Chinese ships begin patrols around islands at center of dispute with Japan
September 14, 2012 -- Updated 0700 GMT (1500 HKT)
- NEW: Japan says the Chinese ships ignored warnings not to enter its waters
- NEW: Tokyo will take "all possible measures to ensure security," Noda says
- Tensions between Japan and China are high over a group of disputed islands
- Japan controls the islands, but China claims they are part of its territory
Tokyo (CNN) -- Six Chinese maritime surveillance ships entered waters around a group of islands at the center of a heated territorial dispute between Tokyo and Beijing, ignoring warnings from the Japanese authorities.
The Chinese ships arrived near the uninhabited islands -- which Japan calls Senkaku and China calls Diaoyu -- on Friday morning and began patrols and "law enforcement," China's state-run news agency Xinhua reported, citing a government statement.
The islands, situated in the East China Sea between Okinawa and Taiwan, are currently under Japanese control, but China claims they have been an "inherent" part of its territory "since ancient times."
The Chinese ships entered Japanese territorial waters despite warnings from the Japanese Coast Guard, said Shinichi Gega, a spokesman for Japan's 11th Regional Coast Guard Headquarters. Three of the ships have since left Japanese waters, he said.
The Japanese government will "take all possible measures to ensure security" around the islands, Prime Minister Yoshihiko Noda said Friday.
See a map of Asia's disputed islands
Two of the Chinese ships responded to a Japanese Coast Guard vessel's warning by reiterating China's territorial claim to the islands and saying they were carrying out patrol work, according to Gega. Japanese ships are continuing their own patrols of the area, he said.
The controversial Chinese move to begin patrols around the islands follows the Japanese government's purchase of several of the islands from a private Japanese owner earlier this week, a deal that China described as "illegal and invalid."
Disputed islands in East China Sea
Animosity between the two countries over the islands runs deep.
Why is Japan feuding over islands?
They have come to represent what many Chinese people see as unfinished business: redressing the impact of the Japanese occupation of large swathes of eastern China during the 1930s and 1940s.
China says its claim goes back hundreds of years. Japan says it saw no trace of Chinese control of the islands in an 1885 survey, so formally recognized them as Japanese sovereign territory in 1895.
Japan then sold the islands in 1932 to descendants of the original settlers. The Japanese surrender at the end of World War II in 1945 only served to cloud the issue further.
The islands were administered by the U.S. occupation force after the war. But in 1972, Washington returned them to Japan as part of its withdrawal from Okinawa.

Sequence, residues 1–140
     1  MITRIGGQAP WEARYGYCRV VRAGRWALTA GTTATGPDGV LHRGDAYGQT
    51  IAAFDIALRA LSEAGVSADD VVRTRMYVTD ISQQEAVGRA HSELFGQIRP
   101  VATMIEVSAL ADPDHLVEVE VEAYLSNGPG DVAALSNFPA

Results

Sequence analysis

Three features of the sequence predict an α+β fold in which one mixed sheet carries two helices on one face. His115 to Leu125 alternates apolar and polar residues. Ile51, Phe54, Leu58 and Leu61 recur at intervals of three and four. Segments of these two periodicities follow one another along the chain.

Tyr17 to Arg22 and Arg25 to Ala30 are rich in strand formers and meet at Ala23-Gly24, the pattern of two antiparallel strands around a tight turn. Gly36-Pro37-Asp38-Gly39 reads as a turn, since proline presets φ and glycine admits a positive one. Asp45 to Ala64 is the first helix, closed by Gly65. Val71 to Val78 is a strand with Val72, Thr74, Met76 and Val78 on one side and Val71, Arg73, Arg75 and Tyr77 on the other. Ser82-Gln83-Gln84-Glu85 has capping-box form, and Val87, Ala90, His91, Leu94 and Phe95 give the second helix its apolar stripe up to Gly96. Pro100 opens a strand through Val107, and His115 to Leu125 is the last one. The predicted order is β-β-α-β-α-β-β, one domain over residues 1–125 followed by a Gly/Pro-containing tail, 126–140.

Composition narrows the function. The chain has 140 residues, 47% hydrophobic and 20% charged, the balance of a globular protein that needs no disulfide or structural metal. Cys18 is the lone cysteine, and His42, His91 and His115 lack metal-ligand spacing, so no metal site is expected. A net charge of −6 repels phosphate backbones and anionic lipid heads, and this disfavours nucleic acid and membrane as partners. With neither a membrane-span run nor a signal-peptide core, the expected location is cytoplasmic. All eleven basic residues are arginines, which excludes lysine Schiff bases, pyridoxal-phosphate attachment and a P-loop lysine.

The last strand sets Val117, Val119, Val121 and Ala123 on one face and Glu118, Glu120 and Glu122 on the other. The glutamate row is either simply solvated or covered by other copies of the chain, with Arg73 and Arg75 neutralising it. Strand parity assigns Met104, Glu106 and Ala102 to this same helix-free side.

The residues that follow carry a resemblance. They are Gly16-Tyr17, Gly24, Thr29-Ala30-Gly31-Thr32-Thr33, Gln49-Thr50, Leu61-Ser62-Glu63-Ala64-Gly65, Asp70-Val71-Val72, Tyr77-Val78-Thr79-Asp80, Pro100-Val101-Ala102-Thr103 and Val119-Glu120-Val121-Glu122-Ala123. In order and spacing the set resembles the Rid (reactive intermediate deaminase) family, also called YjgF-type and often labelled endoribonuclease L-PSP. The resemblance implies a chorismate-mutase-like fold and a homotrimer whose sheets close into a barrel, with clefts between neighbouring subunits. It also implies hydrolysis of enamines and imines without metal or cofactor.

CNN's Junko Ogura in Tokyo and Jethro Mullen in Hong Kong contributed to this report.
Today's five most popular stories
Part of complete coverage on
Asia's disputed islands
At first sight it looks like a scene from a post-apocalyptic movie. Journalist Tomas Etzler travels to one of the most remote locations in the South China Sea -- the front line of a dispute between the Philippines and China.
November 29, 2013 -- Updated 0521 GMT (1321 HKT)
President Xi Jinping has reshaped China's foreign policy by recalibrating its stresses on sovereignty and stability, writes Shen Dingli.
November 27, 2013 -- Updated 0412 GMT (1212 HKT)
Two U.S. military aircraft flew into China's new air defense zone, an action that could inflame power tensions, a U.S. official said.
November 27, 2013 -- Updated 0715 GMT (1515 HKT)
Tensions magnified among the world's top three economies over China's controversial new air defense zone.
CNN looks at the main flashpoints as tension simmers between rival countries over a series of scattered and relatively barren islands.
November 27, 2013 -- Updated 0024 GMT (0824 HKT)
CNN's David McKenzie reports from Beijing on why the Chinese claim sovereignty over an area in the East China Sea.
November 1, 2013 -- Updated 0042 GMT (0842 HKT)
Surprise, surprise, Japan and China are still not getting along, writes Jeff Kingston of Temple University in Japan.
October 25, 2013 -- Updated 0935 GMT (1735 HKT)
Japan is using YouTube to bolster assertions of ownership over islands also claimed by neighboring China and South Korea.
August 6, 2013 -- Updated 0100 GMT (0900 HKT)
Players join the ranks of the country's military to take on the enemy in China's first online game co-developed by the People's Liberation Army.
April 24, 2013 -- Updated 1016 GMT (1816 HKT)
The fragile relationship between China and Japan came under fresh strain as ships from both sides crowded around the disputed islands.
April 8, 2013 -- Updated 1753 GMT (0153 HKT)
Sightseeing cruises soon to set sail to China's newest city, Sansha, located on a disputed island in the South China Sea, a Chinese official said.
America's power and purpose are in jeopardy if the world's three largest economies cannot step back from the brink, writes Patrick Cronin.
November 15, 2012 -- Updated 0854 GMT (1654 HKT)
China uses perceived provocations as a chance to change the status-quo in its favor, writes Stephanie Kleine-Ahlbrandt.